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Newbuild Guarantees Explained

Hilary Beckitt explains what a Newbuild guarantee is and why it is important

When you purchase your stunning brand new property, your solicitor will need to check that a Newbuild guarantee is in place. Not only is this required by lenders, but it also offers important defects guarantees. This form of guarantee was historically provided by the National House Builder’s Council (NHBC), but other providers have sprung up and your solicitor will ensure that that they are approved by the Council of Mortgage Lenders.

The NHBC “Buildmark” scheme provides a two part guarantee. The developer agrees to be responsible for remedying all defects which occur within two years of purchase. In the case of default the NHBC will step in. Similarly, if the developer becomes insolvent before completion of the property, the NHBC will make good any loss to a buyer for example in respect of the deposit.

After the first two years, the NHBC provides an insurance-style guarantee that it will rectify specified structural defects arising in the property during the next eight years. Structural defects are defined to exclude for example defective plasterwork or decorations. There is thus a 10-year guarantee offered. When buying a property constructed within the past 10 years, ensure that the property is covered by such a guarantee. Statistically most defects occur between 5 and 10 years after construction emphasising the importance of obtaining a structural guarantee even when not buying directly from the developer.

In the case of properties registered with the NHBC after 1 April 1999, the cover will also include the cost of cleaning up any contamination on the land on which the property is built. There is no such cover for properties registered with NHBC before that date.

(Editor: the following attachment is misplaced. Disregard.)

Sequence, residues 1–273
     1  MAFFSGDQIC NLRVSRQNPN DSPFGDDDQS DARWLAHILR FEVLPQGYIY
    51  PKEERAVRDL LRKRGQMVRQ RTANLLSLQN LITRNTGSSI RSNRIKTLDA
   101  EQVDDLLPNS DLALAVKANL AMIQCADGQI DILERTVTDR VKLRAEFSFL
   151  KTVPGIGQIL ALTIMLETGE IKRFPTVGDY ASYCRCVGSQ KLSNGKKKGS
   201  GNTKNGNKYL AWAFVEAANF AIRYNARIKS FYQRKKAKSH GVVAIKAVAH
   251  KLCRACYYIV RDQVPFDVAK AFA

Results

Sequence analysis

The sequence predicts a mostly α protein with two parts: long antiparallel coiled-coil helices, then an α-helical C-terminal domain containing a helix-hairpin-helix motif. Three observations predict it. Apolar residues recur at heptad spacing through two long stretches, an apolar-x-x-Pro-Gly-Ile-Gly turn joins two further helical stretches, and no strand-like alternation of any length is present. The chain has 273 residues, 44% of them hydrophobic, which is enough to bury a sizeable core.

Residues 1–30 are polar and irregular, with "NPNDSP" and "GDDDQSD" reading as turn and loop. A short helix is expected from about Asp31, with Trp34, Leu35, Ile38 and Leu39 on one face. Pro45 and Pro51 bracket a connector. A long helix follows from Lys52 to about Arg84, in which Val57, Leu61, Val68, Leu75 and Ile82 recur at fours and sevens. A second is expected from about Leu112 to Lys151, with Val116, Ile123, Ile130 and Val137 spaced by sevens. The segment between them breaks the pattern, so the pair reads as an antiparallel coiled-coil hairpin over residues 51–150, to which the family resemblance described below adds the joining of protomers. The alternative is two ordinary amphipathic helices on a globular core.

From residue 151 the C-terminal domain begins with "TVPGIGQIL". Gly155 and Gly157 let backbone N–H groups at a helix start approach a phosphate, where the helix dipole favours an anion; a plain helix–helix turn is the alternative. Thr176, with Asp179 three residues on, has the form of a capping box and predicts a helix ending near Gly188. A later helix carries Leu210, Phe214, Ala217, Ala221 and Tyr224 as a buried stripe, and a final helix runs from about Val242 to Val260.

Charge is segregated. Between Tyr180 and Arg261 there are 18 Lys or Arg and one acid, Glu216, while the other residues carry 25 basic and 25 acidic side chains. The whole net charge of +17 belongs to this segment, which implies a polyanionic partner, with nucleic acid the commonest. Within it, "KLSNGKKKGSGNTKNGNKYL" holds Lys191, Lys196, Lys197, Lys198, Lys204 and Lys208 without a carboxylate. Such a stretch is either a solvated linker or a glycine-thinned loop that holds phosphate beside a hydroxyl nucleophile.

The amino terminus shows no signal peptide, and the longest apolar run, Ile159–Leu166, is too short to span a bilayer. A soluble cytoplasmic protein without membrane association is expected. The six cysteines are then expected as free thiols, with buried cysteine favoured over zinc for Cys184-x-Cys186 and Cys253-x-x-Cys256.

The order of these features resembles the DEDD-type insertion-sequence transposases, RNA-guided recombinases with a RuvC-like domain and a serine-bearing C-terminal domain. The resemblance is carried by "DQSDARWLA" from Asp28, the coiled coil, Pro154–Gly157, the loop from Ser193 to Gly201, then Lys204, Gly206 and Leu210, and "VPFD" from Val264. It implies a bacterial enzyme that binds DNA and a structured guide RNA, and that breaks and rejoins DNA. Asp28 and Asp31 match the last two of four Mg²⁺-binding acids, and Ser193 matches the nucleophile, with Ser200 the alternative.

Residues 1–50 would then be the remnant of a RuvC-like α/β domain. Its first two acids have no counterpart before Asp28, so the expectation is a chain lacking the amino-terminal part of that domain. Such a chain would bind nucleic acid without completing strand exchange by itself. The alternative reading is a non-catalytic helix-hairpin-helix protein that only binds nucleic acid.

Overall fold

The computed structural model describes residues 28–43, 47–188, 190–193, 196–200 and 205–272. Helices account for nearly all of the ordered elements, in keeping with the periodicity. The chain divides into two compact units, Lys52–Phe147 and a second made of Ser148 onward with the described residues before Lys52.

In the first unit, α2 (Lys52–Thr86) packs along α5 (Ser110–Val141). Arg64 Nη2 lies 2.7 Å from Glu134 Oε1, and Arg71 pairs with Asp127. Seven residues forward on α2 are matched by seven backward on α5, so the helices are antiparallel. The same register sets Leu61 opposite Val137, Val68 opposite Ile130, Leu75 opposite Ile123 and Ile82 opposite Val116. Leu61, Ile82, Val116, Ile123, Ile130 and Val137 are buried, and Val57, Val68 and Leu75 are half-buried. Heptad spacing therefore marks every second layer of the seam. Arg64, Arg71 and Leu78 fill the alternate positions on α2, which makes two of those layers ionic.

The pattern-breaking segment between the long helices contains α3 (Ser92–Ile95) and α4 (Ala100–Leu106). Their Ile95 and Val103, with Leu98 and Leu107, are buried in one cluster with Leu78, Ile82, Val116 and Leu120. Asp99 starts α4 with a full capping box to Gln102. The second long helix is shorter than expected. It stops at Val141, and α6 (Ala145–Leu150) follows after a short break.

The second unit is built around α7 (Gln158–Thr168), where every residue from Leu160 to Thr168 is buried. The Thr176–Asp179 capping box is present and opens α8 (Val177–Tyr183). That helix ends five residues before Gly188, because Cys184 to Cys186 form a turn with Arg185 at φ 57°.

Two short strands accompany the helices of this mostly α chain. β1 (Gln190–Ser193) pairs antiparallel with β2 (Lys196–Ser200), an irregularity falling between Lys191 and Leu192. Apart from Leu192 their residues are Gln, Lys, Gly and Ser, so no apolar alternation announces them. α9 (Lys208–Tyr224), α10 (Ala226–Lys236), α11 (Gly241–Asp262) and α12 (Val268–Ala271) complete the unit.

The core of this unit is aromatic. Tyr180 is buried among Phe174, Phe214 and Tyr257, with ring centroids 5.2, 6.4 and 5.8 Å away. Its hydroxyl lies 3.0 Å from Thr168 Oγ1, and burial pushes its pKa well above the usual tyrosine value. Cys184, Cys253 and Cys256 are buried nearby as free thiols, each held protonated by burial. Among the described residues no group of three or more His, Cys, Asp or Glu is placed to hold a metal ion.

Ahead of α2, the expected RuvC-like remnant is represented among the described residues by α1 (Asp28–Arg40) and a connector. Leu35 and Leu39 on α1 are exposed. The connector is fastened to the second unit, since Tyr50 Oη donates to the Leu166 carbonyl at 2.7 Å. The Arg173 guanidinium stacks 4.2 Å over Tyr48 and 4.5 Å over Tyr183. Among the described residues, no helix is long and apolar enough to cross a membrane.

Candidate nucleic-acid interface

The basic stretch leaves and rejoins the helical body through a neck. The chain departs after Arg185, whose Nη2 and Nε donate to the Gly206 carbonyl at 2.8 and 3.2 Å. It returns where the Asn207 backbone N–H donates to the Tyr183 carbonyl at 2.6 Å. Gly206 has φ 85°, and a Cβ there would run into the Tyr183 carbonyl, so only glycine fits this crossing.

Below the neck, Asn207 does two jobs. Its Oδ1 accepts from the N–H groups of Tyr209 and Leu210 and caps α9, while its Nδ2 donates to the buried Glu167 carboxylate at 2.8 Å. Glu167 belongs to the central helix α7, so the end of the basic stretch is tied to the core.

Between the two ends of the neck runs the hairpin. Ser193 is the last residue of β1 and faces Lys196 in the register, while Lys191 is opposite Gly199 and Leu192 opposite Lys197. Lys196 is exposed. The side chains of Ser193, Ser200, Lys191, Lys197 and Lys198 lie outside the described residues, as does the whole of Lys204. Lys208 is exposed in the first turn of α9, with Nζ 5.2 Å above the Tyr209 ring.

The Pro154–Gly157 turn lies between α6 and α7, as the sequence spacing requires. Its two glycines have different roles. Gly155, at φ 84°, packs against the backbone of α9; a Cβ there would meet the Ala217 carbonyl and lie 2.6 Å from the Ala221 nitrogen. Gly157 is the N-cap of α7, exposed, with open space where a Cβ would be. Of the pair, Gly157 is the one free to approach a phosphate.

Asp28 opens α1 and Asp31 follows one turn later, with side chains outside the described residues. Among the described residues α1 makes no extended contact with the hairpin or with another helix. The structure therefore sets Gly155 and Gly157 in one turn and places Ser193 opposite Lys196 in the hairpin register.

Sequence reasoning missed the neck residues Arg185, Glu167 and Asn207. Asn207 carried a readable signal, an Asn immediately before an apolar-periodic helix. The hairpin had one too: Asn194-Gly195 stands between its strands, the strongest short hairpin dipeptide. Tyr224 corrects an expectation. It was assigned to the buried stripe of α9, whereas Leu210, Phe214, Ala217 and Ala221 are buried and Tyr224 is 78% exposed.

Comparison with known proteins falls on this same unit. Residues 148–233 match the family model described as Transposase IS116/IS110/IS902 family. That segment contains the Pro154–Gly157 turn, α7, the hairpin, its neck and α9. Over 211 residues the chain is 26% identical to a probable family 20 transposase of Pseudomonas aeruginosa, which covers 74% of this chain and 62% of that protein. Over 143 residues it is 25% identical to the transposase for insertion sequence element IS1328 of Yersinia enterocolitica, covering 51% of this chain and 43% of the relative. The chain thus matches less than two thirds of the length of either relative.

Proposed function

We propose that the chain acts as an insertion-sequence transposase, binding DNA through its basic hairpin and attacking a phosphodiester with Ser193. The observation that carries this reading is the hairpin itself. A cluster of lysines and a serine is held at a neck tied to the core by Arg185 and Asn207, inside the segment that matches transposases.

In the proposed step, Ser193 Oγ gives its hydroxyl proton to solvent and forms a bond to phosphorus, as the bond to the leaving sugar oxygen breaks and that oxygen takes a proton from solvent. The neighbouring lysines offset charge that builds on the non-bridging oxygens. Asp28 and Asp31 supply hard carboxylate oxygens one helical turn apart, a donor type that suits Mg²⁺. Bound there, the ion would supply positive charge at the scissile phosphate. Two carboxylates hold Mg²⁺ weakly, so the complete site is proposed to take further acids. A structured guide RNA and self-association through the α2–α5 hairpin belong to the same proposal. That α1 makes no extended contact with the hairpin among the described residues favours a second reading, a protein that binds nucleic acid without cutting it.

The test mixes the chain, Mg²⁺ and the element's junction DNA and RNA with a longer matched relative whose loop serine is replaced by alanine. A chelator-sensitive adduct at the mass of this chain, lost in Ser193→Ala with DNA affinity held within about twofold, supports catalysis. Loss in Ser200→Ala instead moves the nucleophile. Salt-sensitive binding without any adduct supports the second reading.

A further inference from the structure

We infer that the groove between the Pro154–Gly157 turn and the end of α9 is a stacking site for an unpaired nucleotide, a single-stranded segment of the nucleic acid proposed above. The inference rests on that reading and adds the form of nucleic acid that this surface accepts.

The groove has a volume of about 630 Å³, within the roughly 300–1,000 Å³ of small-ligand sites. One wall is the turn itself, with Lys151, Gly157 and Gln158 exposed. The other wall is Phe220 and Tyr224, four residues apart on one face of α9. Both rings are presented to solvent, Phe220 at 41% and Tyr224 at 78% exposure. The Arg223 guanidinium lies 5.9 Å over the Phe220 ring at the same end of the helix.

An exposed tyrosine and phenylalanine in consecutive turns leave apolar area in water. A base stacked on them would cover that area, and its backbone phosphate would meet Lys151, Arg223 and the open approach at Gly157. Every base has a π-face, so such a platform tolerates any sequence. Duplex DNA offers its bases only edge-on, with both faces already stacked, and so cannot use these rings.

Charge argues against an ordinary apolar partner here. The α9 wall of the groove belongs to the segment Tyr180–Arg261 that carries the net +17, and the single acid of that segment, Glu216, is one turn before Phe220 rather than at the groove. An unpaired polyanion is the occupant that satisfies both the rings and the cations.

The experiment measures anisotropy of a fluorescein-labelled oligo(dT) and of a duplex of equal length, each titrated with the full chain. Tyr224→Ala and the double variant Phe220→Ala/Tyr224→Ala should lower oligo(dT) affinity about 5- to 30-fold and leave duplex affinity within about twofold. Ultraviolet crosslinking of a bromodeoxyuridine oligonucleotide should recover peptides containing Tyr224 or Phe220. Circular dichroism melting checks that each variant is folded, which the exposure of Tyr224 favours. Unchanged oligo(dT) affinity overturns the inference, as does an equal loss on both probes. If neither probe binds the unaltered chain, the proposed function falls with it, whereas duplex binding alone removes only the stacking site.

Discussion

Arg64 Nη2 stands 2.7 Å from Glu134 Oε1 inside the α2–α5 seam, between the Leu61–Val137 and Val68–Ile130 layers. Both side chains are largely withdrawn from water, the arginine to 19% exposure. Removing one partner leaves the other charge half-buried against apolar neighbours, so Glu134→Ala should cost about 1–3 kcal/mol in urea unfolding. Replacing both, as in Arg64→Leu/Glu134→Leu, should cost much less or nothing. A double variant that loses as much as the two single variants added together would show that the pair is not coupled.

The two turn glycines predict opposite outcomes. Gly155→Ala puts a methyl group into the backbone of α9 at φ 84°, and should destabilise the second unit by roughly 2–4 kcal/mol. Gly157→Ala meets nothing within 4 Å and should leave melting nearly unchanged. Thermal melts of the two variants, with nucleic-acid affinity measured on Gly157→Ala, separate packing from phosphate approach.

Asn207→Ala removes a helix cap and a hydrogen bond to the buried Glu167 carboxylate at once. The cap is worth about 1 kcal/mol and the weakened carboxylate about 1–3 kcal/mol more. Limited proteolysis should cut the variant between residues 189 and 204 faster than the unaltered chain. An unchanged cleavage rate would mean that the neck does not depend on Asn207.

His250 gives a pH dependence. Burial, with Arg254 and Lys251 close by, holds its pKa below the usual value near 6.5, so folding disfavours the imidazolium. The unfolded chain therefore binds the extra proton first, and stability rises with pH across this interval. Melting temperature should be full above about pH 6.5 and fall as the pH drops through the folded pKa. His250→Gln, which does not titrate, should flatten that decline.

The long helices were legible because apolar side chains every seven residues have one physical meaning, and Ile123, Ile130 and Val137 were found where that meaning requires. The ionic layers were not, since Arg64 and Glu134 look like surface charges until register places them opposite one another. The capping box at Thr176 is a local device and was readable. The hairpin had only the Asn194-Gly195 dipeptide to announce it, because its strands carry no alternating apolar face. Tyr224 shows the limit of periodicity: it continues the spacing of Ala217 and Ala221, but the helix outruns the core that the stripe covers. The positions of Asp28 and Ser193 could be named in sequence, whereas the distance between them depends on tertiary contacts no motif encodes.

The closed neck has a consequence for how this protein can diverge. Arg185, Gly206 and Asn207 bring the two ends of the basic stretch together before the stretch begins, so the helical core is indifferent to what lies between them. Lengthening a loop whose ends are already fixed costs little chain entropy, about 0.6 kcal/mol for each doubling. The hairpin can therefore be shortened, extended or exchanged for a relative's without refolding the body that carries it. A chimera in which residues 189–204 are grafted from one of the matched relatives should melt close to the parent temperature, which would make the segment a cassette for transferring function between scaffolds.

When you embark upon the legal process purchasing a new build, your solicitor will check the contract to ensure that there is a term confirming that the developer is registered with NHBC and that on exchange will enter into the 10-year guarantee. Once the property is completed, the NHBC will undertake a final inspection and if all is satisfactory will issue a “10-year notice”. This is the document which gives the guarantee previously explained and will be handed over at completion. In addition to the 10 year notice in respect of the individual flat being bought, there will be a separate notice in relation to the common parts of the block.

A couple of extra points which need to be considered by you and your solicitor are as follows:

  • Check when the NHBC guarantee actually commences as many newbuilds have been used for letting before eventual sale
  • Check that the person to whom the deposit is paid is NHBC registered as this may not be the same person as the developer. If this is the case, the deposit will have to be held by the developer’s solicitors as stakeholders which means that the deposit stays in the solicitor’s client account pending completion.

This article was written by Hilary Beckitt

Please note the contents contained in this article are for general guidance only. Legal advice should be sought before taking action in relation to specific matters.

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